“What you see is what you get”: Skills, knowledge, attitude
“The best teacher is the one who gradually makes himself redundant.” (George Orwell, 1903-1950)
Our contribution to further education in Laos is structured as a 4-tier cascading system, in which both partners are learners and teachers. I was asked to design it in July 2015 and it is continually being developed, expanded, and improved by the entire team. It is governed by the principle that “teaching” means studying and providing the conditions in which a particular group of learners can learn.1
Its smallest working unit in our bi-directional “teach-the-teacher” project is the tandem-partnership between 1-2 Lao teacher(s) and one German volunteer. On the higher operational level, there are teams at each school or college which can range from 4 to 40 active members. The largest unit, the entire team, consisted of ca. 80 people after about a year, and since our new partners joined – the Lao German Technical College late in in 2016 and Savannakhet University early in 2018 – the number more or less tripled.
The tandems build a working-relationship together throughout the four tiers:
- language skills development through regular English lessons (one hour a day)
- development of teaching skills (methodology and didactics) through job-shadowing, hospitations, tandem-teaching, feedback, and joint lesson preparation (one hour a day)
- customized workshops on relevant topics and practical help through new material, introduction of new teaching equipment & digital media, modernisation of libraries and laboratories,
- model-teaching in “Activity time” for pupils and students and in various new “English clubs”, which focus on oral communication (1 hour a day)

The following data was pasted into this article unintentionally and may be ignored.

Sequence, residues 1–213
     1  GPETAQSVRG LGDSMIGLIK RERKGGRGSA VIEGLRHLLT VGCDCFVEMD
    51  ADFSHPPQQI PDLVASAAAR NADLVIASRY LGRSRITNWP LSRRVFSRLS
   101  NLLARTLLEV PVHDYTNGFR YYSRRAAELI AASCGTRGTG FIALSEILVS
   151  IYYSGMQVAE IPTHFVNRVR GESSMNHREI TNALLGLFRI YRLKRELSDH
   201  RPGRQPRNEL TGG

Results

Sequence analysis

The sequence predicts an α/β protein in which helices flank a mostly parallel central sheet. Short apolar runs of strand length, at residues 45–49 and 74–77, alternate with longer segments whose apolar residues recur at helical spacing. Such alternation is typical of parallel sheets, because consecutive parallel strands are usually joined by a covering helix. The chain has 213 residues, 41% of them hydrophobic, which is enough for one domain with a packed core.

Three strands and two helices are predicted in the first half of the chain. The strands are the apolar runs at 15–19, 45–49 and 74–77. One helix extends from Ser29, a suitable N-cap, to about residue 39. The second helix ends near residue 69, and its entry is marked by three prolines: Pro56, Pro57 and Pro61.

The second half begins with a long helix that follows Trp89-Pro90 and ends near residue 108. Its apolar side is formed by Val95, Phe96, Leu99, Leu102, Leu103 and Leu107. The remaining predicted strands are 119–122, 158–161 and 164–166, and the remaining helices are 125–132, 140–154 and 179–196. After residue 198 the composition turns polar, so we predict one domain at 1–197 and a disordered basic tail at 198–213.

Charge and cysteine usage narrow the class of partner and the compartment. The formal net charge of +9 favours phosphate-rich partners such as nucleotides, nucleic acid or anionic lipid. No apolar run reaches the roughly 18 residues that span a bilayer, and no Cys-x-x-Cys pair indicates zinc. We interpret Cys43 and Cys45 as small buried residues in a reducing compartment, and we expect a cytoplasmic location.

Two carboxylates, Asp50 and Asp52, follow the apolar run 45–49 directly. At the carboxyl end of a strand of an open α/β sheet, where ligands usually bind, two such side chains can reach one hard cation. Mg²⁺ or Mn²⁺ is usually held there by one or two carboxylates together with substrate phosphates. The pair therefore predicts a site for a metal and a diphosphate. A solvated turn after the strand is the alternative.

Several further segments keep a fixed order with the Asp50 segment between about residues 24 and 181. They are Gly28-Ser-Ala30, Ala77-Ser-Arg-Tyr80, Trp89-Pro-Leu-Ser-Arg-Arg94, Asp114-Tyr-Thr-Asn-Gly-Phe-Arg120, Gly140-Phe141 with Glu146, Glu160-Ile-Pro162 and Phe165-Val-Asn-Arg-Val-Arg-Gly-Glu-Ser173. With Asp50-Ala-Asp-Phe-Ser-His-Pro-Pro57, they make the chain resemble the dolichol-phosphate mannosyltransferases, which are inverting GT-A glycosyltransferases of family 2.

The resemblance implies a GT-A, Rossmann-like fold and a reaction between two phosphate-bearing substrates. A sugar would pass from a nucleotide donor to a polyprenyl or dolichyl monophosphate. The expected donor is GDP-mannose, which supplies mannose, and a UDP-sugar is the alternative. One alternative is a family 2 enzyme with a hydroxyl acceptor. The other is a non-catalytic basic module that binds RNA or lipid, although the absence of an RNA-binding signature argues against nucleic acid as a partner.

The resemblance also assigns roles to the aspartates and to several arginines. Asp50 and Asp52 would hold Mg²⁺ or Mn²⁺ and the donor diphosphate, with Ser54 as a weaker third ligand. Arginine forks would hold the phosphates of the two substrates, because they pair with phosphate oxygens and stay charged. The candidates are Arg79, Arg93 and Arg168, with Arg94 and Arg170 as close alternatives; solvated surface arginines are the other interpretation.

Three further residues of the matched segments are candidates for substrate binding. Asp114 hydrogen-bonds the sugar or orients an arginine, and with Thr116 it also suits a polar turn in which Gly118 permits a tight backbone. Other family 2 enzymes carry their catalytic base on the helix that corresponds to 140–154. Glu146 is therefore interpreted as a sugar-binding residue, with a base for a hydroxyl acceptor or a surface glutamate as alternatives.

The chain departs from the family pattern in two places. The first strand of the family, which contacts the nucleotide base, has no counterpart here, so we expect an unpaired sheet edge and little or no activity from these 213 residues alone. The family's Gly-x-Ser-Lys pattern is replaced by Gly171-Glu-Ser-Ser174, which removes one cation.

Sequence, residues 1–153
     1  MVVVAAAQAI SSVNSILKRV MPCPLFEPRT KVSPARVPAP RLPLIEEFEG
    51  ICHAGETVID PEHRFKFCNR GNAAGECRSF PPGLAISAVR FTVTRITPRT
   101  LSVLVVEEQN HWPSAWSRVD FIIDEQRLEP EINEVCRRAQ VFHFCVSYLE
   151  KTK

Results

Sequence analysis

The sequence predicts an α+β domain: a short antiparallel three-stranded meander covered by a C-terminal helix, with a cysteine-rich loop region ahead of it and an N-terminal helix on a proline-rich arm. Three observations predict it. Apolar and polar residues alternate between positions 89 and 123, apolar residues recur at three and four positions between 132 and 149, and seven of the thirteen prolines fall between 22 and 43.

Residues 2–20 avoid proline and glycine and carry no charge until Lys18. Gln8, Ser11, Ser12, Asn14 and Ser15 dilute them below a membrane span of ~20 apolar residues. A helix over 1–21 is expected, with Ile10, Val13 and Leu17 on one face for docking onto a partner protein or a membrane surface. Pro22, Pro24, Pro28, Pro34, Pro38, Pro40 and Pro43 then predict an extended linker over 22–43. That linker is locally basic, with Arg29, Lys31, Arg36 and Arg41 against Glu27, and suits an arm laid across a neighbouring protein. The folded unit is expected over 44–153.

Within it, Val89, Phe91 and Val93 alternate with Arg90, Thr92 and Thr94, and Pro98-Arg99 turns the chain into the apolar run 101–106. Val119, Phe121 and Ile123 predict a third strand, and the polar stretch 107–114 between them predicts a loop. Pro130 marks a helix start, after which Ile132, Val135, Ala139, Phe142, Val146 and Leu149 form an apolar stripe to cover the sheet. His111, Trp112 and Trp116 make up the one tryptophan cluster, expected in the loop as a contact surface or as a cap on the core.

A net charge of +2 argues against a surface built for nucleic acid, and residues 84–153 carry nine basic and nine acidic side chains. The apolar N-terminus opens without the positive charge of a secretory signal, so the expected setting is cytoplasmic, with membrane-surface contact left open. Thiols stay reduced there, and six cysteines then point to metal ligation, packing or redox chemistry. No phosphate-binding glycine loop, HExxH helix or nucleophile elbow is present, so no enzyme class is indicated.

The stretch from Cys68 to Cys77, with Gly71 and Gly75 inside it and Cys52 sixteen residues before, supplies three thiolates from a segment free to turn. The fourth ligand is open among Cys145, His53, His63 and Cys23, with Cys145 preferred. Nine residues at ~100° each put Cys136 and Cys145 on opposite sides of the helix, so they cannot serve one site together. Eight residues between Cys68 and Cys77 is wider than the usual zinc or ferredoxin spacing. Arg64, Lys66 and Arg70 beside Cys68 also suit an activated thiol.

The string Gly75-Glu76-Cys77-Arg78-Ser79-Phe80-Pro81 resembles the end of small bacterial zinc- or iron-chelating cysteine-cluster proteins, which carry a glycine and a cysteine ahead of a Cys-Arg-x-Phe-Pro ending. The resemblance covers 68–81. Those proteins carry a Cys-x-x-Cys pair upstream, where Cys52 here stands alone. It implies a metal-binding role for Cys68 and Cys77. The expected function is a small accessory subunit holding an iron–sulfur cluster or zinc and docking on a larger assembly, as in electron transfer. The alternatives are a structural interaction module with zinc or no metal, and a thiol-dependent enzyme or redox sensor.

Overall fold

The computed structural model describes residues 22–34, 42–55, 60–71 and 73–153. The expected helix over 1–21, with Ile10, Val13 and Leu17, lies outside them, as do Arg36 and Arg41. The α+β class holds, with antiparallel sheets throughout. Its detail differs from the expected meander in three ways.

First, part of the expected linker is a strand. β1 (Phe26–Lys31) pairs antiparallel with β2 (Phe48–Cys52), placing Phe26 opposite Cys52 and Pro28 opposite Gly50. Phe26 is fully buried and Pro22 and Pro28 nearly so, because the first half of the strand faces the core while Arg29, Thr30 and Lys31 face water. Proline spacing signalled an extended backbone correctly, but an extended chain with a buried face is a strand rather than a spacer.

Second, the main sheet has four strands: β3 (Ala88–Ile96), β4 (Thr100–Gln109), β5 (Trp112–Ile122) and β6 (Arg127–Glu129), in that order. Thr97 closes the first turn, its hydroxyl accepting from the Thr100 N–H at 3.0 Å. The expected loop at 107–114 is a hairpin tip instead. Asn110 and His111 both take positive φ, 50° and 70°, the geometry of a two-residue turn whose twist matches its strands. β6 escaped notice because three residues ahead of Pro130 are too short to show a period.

In each of those four areas, the German partner accompanies and guides their Lao tandem-teacher(s) through four phases of development: Presentation, practice, consolidation, performance.
In this example of model-teaching in the new “Maths club”, the goal is not oral communication in English, but proficiency in maths. One of Fabian’s maths tandem-teachers – whom you cannot see – is standing nearby and watching him. She observes what he is doing, and how, and then tries it out herself with another pupil. She decides to try this again on her own, maybe already in her next lesson. Once in the classroom, she discovers that she does not have enough compasses for her class – and this constitutes three topics for the next three teacher-tandem-lessons: Lesson planning, choosing and securing enough materials, finding/making/keeping track of them.
This process is only possible because, at the same time, the Lao teacher guides their German tandem-partner through similar learning stages regarding their own confrontation with an overwhelmingly foreign setting and culture. They, too, then learn to expand their language and teaching skills. This “zip”-like, or “bi-directional”, learning process creates a safe learning environment in which mutual trust and then also challenges grow. More ideas develop and anything can happen from here.
Once our partners teach their first own fully self-developed, communicative, methodologically accomplished lesson and their pupils are wide-awake, eager to participate, and involved, we should move on. And once we have transformed our Western (pre-)conceptions into a great deal more understanding and humility and have made enough progress in the development of our “global citizenship” competences, we are ready to go home. This presupposes discovering the still-colonized corners of our minds in the first place, for which we follow the gentle sign-posting of our partners.
Text by I. Martin
Photos & video by I. Martin
1 In the literature, the term “teacher training” is used as the temporal reference to the in-service rather than pre-service education of teachers. The term is increasingly replaced by “teacher education“, especially in the English-speaking world, because this term foregounds the preparation of teachers for their role as “reflective practitioners” rather than “training of routine tasks”. As this binary opposition maybe does not scale enough the needs of teachers who are also foreign-language learners in a part of the world where English is a “distant” language (and L3), one could use the term “teacher training/education”. In our bi-directional teaching set-up, the term “teacher tandems” seems most appropriate.
2“I’m starting with the man in the mirror” is a line in a song by Michael Jackson.
Appendix: Overview of workshops
Enter “workshop” into the “search” window on the main page for the articles written on the workshops held between 2015 and 2018: